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The Twelve Spies Explore Canaan

Source: Nelson's Complete Book of Bible Maps & Charts, Thomas Nelson Publishers, Nashville, TN; Holman QuickSource Bible Atlas, Holman Bible Publishers, Nashville, TN.

 

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Before deciding how to mount a military campaign against the existing inhabitants of Canaan, Moses needed accurate and up-to-date information about the settlements and their fortifications. To gain this vital intelligence, he sent a dozen ‘undercover agents’ on a six-week mission in c.1445BC to secure details about the defences of the towns and cities that could become future military targets.

Moses sent the twelve spies, including Joshua and Caleb, to explore the whole land of Canaan, from the Kadesh region in the south to as far north as Lebo Hamath - over 150 miles.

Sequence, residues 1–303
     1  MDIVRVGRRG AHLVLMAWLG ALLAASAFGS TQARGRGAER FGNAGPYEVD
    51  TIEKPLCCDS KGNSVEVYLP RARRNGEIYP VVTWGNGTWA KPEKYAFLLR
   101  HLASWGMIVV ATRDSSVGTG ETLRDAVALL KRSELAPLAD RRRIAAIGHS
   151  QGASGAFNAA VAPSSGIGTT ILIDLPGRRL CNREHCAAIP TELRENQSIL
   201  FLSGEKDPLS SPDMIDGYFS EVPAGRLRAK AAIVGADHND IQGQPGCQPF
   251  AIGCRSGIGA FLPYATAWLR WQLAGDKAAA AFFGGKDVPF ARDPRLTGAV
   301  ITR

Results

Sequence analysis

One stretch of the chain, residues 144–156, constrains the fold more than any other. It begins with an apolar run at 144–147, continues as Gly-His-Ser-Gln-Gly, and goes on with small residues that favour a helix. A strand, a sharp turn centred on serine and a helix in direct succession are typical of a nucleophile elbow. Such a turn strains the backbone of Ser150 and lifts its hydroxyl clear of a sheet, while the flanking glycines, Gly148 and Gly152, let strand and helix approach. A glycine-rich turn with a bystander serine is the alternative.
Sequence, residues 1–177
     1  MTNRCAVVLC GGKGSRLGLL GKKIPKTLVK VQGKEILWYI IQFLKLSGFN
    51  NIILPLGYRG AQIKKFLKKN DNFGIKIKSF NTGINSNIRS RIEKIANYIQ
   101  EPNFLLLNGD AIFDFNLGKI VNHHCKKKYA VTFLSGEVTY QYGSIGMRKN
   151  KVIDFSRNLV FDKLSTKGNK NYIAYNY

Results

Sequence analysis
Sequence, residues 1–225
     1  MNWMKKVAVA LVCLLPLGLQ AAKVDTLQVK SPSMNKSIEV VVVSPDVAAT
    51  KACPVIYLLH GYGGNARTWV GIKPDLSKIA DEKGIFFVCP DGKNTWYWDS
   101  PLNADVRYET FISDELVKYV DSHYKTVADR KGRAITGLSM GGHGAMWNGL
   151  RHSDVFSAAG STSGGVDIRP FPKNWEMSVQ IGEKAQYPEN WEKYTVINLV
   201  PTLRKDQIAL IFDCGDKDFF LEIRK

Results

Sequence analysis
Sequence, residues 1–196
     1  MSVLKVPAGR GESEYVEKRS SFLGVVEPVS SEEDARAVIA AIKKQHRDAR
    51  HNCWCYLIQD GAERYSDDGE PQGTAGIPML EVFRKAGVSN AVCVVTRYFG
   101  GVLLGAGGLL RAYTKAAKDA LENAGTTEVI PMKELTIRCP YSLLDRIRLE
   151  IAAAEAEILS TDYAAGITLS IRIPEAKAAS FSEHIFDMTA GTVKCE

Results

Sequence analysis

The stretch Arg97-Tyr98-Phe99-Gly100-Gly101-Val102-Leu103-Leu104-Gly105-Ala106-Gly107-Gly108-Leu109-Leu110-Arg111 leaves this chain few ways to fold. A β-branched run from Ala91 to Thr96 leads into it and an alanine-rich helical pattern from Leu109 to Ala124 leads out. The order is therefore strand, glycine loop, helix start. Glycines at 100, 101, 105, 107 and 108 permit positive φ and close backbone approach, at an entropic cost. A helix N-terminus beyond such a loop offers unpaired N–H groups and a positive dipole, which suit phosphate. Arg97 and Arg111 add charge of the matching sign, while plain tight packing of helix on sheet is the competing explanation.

The spies travelled north, secretly, for three weeks from the Desert of Zin in the south, beyond Beersheba (where Isaac had settled some three hundred years earlier in c.1730BC) and on past Shechem (where Jacob had set up an altar and bought land for a tomb in c.1691BC). From here they continued north to Rehob and Lebo Hamath (‘Hamath Pass’) in the far north of Canaan near Damascus. On their way back south, they passed Hebron (where Abraham was buried in Machpelah Cave in c.1815BC) and cut a large cluster of grapes from the Valley of Eshcol (‘Eshcol’ means ‘a cluster’) before returning after forty days to the Israelite camp at Kadesh oasis in the Desert of Paran.